Thailand overview

Thailand is a mid-level income country with a GDP per capita of US$8,060 (IMF, 2010), making it the second largest economy in Southeast Asia. The country has seen remarkable progress in human development in the last 20 years, and it will probably achieve most, if not all, of its MDGs well in advance of 2015. Decentralisation in the last decade is one of the key factors that has shaped the administrative system, as well as public services including rural water supply. For the past four decades the government has given water supply high priority, with about 90% of the population now having access to safe water – a higher rate of whom are in urban areas.

Administrative set up

The state administrative structure is made up of three systems: central administration (ministries and their departments), local administration (in provinces and districts), and Tambon Administrative Organisations (TAOs) (local autonomy).

Main sector institutions

  • Water resources are administered and managed by eight ministries with different priorities and programmes that sometimes overlap or are in conflict. At the central level the main sector institutions are the Department of Public Works in the Ministry of Interior (MOI), and the Department of Health in the Ministry of Public Health (MoPH). The MOI is responsible for communities with a population over 5,000, and the MOPH is responsible for communities of 1,000-5,000.
  • Piped water in Thailand is currently provided by three agencies, depending on area and population served. Urban areas are served by the two main state enterprises: the Metropolitan Waterworks Authority (MWA), a state enterprise under the MOI for Bangkok and its provinces, and the Provincial Waterworks Authorities (PWAs) for all other cities and towns. The MWA and PWAs both oversee and regulate, as well as provide technical support to TAOs and Village Water Committees.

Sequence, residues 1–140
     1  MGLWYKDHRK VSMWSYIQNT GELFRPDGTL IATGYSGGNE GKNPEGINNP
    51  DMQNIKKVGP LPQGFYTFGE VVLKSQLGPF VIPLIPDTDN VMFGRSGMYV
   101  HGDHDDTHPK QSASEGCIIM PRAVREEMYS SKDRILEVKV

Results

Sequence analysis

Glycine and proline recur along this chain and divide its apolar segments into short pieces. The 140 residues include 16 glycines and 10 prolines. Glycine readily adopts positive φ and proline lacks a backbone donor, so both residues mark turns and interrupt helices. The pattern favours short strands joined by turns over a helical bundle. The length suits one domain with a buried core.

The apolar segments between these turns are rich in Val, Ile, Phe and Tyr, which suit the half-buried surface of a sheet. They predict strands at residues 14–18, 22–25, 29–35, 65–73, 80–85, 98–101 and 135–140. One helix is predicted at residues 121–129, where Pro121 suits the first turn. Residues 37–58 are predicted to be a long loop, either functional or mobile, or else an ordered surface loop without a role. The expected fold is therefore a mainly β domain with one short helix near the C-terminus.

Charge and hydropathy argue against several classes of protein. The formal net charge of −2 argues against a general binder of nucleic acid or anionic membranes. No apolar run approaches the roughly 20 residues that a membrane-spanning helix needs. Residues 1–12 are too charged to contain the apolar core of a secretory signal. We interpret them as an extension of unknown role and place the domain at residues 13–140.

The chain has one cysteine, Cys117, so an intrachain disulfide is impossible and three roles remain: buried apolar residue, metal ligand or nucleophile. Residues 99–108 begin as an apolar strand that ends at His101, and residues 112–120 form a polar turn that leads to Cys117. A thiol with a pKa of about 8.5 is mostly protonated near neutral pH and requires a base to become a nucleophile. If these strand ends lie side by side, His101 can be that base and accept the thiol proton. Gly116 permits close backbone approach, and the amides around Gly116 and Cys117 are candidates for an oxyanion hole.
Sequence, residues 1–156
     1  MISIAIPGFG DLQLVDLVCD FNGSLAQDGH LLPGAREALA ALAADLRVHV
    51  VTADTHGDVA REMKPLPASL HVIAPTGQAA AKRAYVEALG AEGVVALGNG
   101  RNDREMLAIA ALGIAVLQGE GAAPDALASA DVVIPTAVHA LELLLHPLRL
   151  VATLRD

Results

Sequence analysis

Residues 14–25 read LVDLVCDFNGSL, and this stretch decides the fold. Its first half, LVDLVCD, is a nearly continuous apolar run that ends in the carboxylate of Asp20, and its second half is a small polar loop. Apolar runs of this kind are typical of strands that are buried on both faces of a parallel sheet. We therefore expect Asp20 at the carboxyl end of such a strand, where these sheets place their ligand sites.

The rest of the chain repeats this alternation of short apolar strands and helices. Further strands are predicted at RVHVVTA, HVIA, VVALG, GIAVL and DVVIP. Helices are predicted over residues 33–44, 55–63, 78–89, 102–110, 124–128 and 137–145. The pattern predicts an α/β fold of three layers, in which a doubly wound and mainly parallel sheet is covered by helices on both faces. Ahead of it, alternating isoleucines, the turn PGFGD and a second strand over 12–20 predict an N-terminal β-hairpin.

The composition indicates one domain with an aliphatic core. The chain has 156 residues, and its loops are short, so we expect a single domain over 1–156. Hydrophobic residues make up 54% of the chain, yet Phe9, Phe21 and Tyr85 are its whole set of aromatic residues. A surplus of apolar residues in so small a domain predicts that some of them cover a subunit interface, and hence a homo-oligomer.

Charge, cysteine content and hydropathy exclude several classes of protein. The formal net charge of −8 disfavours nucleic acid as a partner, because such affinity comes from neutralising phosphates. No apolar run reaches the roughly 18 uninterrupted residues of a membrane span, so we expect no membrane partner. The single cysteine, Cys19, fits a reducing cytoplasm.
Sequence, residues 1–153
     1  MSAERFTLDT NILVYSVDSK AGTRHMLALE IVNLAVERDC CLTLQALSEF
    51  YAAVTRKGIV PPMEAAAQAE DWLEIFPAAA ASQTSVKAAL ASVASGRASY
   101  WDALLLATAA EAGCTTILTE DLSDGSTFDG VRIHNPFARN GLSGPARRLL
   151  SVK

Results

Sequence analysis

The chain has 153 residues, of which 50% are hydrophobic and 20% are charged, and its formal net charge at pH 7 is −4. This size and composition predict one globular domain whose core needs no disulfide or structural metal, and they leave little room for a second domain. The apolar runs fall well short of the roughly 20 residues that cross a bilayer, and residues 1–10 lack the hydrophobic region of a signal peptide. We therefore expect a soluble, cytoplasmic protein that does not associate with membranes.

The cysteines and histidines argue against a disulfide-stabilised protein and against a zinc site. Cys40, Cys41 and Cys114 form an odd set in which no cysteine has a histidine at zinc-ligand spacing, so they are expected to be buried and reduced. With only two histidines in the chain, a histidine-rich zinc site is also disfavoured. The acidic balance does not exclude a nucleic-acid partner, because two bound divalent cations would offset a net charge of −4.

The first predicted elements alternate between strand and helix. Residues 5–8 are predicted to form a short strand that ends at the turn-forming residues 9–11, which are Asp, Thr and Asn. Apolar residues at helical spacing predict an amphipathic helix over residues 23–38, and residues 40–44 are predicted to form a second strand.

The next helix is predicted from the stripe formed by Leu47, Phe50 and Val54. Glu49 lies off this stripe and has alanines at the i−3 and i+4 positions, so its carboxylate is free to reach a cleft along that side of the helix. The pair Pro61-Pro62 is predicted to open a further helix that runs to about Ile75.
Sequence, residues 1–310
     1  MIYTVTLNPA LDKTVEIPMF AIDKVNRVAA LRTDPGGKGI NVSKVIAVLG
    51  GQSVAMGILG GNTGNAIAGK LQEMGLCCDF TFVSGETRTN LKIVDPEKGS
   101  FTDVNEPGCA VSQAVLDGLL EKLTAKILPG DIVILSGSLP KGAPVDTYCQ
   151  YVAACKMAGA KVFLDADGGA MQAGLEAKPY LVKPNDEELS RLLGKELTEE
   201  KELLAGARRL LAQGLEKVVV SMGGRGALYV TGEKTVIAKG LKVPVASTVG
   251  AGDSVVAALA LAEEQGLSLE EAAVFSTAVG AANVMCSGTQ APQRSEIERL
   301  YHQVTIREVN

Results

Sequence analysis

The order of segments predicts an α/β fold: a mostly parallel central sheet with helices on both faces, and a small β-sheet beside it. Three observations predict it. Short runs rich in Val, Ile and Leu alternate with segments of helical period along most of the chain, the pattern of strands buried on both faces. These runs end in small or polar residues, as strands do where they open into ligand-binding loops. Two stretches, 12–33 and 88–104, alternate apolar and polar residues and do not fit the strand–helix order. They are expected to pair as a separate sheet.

• Rural villages and communes with populations under 5,000 are overseen by the TAOs, a local administrative division (on average, one TAO covers 10 villages). The process of decentralization devolved power and responsibility for development planning and management for public services to the local level, the TAO. One hundred and eighty functions were transferred to the TAOs, including responsibility for the physical assets of rural water supply. TAOs have revenue raising powers, a broad range of local government functions (including rural water supply), and are taking on roles in oversight and subcontracting services to private companies.
  • After construction, the systems are transferred to Village Water Committees to continue running the service, with the aim of becoming financially self-sufficient. Village Water Committees are an independent body representing water users. Most comprise of four to six people, including the chief, vice chief, accountant, and system operator/ maintenance person. Many of the Committees work on a voluntary basis, with the exception of the system operator who receives a moderate salary. Village Water Committees and TAOs receive training and technical support from two main ministries: the Department of Water Resources and the Department of Local Administration. However, owing to decentralisation and a change in the budgetary system, technical support from central government is declining.

Service Delivery Models

Thailand has two principal SDMs for rural areas recognised in sector policy:

  1. Community self-supply: by rainwater harvesting and storage in family water jars.
  2. Piped water supply systems: currently piped water is provided by the three main agencies: MWA, PWA and TAOs, with Village Water Committees.

Key issues

Most rural people use at least two water sources: rainwater from jars and tanks, and shallow ground water from tube wells. However, increasing numbers of villages are getting piped connections to PWA systems. This means that a significant number of people have access to three water sources. Self-supply is an important approach and is an accepted part of the solution for rural areas, with institutional support. It is mainly based on water for drinking. CBM and support functions have built-in flexibility for management options from the more simple community management up to full private delegation. It is an institutionalised response to the one-size fits all mentality seen in many countries, and it helps to deal with localised capacity constraints at decentralised levels. However, it is unclear whether and to what extent rainwater harvesting, traditionally practiced in most rural communities, is formally recognised when piped water systems are planned and built in each village and commune.